In Panasonic’s favour, its ZT60/ZT65 features superior anti-reflective filter, allowing the TV to hang onto its supreme blacks in the presence of surrounding ambient light, which makes it more suitable for use in a bright room during daytime. Panasonic plasmas also manifest less static dither and no high-frequency rolloff compared with the Kuros. At the end of the day however, the performance between these reference-level displays are so close – hairsplitting in fact – that we think the Panasonic TX-P60ZT65 is a viable replacement for Kuro plasmas whose 5-year guarantee would expire this year or next.

Final Words

The TX-P60ZT65B is undoubtedly the finest plasma Panasonic has ever made, but is it the best flat-screen TV we’ve tested? We’d argue yes, when you take into account its unrivalled performance as a whole in handling movies, sports and video games, in both bright and dark conditions. At a street price of around £2600 (down from its original RRP of £4000), the Panasonic 60ZT65 represents the most affordable ticket to the highest-quality video reproduction in the home for the next few years (at least while stocks last), given that Samsung has gone off the boil on plasma (the company isn’t going to launch a successor to its F8500 PDP series), and large-sized OLED TV looks set to remain niche for the foreseeable future (LG is the only major TV brand ploughing ahead with OLED in 2014).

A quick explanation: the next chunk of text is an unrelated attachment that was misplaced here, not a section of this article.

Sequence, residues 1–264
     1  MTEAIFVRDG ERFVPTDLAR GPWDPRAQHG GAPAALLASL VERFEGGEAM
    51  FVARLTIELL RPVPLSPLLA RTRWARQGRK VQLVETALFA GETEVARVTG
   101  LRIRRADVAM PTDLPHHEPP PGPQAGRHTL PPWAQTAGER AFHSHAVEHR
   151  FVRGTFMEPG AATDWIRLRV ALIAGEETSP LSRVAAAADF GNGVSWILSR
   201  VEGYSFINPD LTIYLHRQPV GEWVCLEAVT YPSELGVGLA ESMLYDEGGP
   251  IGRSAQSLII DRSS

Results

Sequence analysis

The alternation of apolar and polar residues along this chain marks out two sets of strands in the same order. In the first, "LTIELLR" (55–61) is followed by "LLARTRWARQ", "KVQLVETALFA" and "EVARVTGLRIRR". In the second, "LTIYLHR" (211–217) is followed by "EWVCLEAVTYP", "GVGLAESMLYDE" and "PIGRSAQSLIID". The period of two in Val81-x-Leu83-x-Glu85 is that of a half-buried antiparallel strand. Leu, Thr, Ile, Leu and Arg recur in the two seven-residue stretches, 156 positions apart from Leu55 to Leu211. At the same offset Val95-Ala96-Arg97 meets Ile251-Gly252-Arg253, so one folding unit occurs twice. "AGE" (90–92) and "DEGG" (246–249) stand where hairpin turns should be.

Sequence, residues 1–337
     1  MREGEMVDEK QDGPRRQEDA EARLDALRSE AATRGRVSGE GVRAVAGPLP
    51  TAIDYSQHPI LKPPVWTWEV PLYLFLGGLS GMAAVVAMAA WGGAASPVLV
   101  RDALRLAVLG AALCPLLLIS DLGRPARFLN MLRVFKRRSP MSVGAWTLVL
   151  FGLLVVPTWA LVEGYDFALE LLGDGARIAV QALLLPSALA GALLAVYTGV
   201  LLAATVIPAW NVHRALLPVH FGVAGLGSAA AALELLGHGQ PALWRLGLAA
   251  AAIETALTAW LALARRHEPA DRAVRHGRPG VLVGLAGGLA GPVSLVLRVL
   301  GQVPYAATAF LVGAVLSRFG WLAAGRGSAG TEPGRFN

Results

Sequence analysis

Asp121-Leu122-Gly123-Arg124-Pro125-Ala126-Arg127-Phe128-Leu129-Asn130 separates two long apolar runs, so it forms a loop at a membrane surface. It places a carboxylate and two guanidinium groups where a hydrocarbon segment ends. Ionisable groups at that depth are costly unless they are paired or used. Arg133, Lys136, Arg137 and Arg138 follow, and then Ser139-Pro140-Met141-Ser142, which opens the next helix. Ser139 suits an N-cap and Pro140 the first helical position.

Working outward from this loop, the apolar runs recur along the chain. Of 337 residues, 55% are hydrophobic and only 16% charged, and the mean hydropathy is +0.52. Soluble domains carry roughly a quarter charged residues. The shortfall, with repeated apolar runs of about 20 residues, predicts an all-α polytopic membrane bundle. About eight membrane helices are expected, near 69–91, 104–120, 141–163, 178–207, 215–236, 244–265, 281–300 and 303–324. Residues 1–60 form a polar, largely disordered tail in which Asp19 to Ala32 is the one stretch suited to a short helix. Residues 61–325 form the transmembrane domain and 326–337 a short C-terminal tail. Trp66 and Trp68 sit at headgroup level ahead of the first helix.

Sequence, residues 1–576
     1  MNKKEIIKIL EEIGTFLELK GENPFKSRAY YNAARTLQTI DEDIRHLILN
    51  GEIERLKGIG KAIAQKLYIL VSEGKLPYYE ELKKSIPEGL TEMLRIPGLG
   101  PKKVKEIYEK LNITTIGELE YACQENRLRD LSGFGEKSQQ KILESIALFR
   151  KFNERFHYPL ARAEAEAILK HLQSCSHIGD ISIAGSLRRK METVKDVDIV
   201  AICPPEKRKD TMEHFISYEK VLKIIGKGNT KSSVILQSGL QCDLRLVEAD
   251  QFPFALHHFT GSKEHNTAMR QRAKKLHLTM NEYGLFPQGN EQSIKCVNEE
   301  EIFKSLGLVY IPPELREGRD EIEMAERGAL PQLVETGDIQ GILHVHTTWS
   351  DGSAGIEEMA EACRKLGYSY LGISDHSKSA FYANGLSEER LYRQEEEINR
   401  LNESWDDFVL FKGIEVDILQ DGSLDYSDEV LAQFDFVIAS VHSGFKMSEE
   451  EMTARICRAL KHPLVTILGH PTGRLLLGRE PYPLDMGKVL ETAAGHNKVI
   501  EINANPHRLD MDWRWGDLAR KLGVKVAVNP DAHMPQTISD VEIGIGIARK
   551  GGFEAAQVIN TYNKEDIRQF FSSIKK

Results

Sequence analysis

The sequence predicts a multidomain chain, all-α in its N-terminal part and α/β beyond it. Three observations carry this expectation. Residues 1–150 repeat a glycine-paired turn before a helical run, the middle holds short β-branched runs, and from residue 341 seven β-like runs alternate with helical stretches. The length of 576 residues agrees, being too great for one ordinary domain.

Who knows what the TV landscape will be in 10 years’ time… 50-inch OLED TVs, 8K television, VR (virtual reality) headsets abound? Maybe one day in that future someone will read back this article, and wonder what the fuss was all about. But you have to understand where we’re coming from: never has such a high level of home entertainment display been so accessible to so many people, and Panasonic played its part more than most. Their engineers have improved their plasmas year after year, culminating in their magnum opus, the “Beyond The Reference” ZT. When you buy the Panasonic TX-P60ZT65, you’re getting more than just a piece of hardware – you’re buying into a legacy honed through years of R&D and enthusiasts’ feedback, as well as the manufacturer’s deep understanding of what constitutes an accurate, unadulterated image.

We’re sad beyond words that Panasonic’s plasma journey is about to come to an end. When its Viera TX-P42GT60B took home the coveted “TV Product of The Year” gong at the What Hifi Awards last year, a Panasonic executive quipped that “it’s a good night for plasma”. Well, the party’s now over… good night, plasma – you’ll be sorely missed.